1950s | 1960s | Dresses | Vintage Sewing

Blackmore So-Easy 9266

By on May 31, 2017

vintage blackmore 9266

The pattern and the fabric were just waiting for each other… and for the the penny to drop, given both have been in stash for quite some time!

I’m not sure of the date, maybe late 50s or 60s? But its definitely a style I’m fond of. And works perfectly with the bark cloth. I just love the tropical print and it was lovely to sew up.

vintage blackmore 9266 sewing pattern

It took 3 toiles to fit and I’m happy with the result but still needs a few small adjustments. Namely the position of the straps and tweaking the bodice a bit more. I had to take in the skirt substantially to get a snug fit. The pattern illustration is a bit misleading as per usual!

vintage blackmore 9266 dress front view

Shame I didn’t have enough fabric for the little jacket but to be honest a little black linen jacket would do just fine.

For more details, hop over to ooobop!

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1950s | 1960s | Dresses

Retro Nautical Inspired Moneta Dress

By on May 4, 2017
Akram's Ideas: The Moneta Dress an Astonishingly Quick Make

I recently took part in the #MonetaParty hosted by the Triple Stitchers made up of Rachel, Abigal, and Elle . The idea was that all participants sew up the Moneta dress by Colette patterns and share their makes on Instagram.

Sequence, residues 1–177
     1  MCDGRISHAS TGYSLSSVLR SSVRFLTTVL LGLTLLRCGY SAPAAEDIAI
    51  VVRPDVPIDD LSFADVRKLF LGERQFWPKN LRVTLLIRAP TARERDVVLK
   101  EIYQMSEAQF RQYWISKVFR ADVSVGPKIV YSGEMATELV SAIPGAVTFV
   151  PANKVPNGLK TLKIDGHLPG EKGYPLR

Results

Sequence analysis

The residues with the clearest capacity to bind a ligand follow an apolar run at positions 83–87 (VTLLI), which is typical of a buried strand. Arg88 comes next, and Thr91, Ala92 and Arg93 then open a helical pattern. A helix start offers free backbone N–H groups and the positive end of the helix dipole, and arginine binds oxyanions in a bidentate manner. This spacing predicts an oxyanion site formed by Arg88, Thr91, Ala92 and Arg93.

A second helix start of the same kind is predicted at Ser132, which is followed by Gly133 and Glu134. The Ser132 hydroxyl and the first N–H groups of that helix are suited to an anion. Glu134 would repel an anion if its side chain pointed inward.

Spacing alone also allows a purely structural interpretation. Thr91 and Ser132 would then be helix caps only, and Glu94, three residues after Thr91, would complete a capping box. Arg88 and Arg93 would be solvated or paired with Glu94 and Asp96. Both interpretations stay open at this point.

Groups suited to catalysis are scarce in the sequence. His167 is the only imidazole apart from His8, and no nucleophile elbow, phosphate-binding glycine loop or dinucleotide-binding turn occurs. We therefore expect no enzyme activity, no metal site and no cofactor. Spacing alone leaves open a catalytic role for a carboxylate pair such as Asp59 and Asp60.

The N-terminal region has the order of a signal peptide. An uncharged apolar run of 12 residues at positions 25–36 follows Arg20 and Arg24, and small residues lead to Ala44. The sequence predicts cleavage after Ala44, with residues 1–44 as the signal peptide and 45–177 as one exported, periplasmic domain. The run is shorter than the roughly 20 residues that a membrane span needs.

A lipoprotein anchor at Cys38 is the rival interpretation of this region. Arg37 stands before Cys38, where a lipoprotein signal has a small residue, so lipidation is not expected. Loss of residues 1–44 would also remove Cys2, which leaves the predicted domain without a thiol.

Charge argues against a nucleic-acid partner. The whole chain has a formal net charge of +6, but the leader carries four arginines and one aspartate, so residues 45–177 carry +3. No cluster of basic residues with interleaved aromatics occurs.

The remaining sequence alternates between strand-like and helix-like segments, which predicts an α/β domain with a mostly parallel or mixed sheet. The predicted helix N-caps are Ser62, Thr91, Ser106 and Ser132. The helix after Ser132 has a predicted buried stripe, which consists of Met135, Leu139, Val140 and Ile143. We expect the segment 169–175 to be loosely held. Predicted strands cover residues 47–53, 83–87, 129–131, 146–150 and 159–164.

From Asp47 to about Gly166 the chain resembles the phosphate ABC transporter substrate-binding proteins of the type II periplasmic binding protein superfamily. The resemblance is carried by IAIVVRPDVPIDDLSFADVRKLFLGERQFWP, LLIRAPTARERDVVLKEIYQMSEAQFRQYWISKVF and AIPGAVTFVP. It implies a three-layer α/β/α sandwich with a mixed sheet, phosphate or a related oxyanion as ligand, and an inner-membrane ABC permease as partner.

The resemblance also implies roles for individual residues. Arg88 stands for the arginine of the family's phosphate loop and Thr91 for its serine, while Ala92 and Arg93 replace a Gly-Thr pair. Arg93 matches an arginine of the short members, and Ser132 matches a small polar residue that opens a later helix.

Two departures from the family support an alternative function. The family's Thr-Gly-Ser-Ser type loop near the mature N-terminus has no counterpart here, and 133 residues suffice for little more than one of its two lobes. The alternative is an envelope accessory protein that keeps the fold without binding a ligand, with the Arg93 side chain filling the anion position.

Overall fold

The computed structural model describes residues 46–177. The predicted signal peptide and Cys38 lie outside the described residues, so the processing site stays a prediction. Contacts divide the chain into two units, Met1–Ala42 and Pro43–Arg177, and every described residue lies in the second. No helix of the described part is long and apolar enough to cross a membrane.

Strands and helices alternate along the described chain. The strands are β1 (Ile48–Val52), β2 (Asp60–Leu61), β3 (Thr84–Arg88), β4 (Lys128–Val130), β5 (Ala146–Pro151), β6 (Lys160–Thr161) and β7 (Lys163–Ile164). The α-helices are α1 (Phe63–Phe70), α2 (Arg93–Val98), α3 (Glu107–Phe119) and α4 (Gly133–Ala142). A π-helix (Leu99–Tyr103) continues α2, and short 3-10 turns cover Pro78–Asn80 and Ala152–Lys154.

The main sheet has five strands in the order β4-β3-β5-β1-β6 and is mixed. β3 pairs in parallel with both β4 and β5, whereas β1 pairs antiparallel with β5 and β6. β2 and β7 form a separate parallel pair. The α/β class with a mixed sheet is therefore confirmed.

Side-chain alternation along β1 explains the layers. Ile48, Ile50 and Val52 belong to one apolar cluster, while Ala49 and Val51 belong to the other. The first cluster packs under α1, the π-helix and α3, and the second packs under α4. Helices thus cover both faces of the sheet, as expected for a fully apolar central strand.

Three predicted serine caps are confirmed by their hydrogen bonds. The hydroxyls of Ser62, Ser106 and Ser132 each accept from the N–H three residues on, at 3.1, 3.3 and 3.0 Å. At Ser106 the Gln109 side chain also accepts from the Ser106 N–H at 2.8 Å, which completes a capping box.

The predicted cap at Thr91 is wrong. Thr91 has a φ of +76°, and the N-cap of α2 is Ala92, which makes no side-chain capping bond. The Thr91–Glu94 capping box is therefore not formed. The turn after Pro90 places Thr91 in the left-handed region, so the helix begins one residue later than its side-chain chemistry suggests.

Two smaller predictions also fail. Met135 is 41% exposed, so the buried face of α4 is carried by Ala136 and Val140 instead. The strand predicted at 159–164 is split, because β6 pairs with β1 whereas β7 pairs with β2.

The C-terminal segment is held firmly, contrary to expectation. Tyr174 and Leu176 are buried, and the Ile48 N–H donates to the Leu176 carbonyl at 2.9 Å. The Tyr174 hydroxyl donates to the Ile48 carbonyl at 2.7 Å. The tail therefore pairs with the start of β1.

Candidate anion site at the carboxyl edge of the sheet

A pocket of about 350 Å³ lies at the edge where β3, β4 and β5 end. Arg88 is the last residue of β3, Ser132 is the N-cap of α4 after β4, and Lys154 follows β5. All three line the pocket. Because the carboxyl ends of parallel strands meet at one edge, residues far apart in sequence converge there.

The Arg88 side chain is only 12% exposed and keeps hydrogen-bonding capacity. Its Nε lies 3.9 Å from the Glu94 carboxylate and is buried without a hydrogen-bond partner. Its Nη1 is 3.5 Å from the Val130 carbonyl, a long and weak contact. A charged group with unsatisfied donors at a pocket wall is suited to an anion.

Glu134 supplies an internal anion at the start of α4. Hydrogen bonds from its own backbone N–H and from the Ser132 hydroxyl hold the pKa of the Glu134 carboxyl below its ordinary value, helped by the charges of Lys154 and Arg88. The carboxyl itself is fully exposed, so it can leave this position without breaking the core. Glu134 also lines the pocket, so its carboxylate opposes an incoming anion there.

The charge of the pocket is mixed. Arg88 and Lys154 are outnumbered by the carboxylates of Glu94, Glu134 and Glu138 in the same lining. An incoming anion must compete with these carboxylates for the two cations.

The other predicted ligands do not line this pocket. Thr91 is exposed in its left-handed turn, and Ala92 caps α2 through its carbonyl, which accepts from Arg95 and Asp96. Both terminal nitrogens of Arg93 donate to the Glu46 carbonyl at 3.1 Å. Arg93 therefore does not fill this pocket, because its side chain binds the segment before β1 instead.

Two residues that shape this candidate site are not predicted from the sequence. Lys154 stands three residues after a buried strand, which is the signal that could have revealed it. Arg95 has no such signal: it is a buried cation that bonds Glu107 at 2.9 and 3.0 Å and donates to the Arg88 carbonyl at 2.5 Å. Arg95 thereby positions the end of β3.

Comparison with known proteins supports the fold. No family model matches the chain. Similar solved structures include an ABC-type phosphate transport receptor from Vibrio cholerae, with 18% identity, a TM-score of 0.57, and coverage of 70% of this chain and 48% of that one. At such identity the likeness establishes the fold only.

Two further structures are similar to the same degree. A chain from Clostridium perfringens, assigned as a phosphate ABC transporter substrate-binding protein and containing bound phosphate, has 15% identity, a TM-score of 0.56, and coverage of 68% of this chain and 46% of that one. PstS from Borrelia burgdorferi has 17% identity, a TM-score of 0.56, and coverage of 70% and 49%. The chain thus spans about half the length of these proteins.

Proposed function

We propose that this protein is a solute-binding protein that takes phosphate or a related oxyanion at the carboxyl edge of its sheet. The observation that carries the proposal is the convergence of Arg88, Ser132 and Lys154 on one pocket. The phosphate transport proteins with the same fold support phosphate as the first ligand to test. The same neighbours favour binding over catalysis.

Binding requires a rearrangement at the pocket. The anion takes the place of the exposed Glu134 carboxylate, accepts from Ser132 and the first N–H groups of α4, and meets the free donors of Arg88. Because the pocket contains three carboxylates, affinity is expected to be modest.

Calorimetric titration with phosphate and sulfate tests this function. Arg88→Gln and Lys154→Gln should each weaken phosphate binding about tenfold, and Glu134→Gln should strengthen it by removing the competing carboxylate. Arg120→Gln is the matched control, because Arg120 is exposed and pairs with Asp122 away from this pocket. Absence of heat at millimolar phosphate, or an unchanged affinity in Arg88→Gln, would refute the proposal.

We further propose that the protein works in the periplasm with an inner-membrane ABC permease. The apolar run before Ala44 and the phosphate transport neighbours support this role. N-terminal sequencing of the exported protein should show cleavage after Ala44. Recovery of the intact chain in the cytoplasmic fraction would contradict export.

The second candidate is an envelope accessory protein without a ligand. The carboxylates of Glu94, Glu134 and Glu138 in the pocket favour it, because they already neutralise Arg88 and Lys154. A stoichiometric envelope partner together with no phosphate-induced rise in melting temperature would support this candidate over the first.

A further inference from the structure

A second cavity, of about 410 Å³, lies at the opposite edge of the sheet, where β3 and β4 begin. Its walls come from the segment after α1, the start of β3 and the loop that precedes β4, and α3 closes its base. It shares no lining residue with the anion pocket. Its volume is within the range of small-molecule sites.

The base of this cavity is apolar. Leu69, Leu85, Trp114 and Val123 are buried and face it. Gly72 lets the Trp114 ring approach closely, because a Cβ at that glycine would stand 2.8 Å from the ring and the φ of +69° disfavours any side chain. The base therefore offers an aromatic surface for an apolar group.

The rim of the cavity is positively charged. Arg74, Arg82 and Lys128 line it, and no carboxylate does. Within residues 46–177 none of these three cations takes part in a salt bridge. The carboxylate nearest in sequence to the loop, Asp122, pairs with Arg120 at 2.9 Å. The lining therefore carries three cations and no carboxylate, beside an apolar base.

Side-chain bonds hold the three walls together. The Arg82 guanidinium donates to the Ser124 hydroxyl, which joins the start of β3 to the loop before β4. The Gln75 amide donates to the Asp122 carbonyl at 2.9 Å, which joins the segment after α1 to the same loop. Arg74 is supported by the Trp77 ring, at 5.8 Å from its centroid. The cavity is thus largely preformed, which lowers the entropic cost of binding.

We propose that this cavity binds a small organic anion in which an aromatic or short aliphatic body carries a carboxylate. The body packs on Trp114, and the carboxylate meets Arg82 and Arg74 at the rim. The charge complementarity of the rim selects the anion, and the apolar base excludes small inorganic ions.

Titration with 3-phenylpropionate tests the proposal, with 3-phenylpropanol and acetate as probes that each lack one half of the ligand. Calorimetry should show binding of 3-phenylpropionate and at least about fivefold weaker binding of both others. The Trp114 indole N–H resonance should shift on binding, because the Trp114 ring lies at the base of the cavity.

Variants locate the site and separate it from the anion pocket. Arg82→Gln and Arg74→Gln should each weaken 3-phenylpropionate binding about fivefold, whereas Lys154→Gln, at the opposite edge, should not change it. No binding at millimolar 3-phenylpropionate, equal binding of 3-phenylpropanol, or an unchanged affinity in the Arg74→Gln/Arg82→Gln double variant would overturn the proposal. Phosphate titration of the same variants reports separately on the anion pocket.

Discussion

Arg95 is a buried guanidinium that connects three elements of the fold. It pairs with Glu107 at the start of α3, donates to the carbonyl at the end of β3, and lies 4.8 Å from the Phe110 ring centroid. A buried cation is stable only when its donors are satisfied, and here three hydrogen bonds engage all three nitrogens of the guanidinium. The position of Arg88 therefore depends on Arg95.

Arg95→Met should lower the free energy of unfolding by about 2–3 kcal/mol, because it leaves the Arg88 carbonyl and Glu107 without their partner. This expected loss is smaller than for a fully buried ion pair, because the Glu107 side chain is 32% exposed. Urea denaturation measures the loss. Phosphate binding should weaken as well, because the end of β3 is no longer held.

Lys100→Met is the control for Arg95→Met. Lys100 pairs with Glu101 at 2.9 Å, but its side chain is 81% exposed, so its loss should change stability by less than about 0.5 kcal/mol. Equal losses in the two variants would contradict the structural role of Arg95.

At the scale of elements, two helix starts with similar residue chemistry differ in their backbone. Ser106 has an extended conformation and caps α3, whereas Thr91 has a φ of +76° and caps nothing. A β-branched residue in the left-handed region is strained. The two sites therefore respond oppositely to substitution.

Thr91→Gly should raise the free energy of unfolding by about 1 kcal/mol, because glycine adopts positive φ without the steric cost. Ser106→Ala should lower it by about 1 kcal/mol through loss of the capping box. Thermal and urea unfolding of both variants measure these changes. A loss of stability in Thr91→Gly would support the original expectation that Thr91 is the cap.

Retro Additions

At first, I wasn’t sure if I wanted to participate after all the Moneta dress is just a simple knit dress.

However, I after exploring Colette patterns website I found a free collar extension pack for this pattern. The collar variations really added to this dress.

Akram's Ideas: The Moneta Dress an Astonishingly Quick Make

 

I was especially taken by the tie collar and how it gave the dress a bit of a retro nautical inspired look.

Along with the tie collar, I also made the largest size skirt and then gathered it. It gave the skirt a much fuller look than the more relaxed fit of the original dress.

Akram's Ideas: The Moneta Dress an Astonishingly Quick Make

The length of the skirt I cut as directed, but I’m short so I feel like it seems longer to me than most of the Moneta’s that I see online.

With that said, the fuller skirt and longer length also help to give this dress more retro appeal.

Simple Make

Akram's Ideas: The Moneta Dress an Astonishingly Quick Make

The Moneta dress is so easy to make and I managed to sew it up in around 4 hours.

While it might be simple, a few additions really give this dress the retro style I love.

For full details about making this dress  be sure to see my full blog post at http://akramsideas.com/moneta-dress/

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1960s

Simonetta Dress Vogue Coat

By on April 14, 2017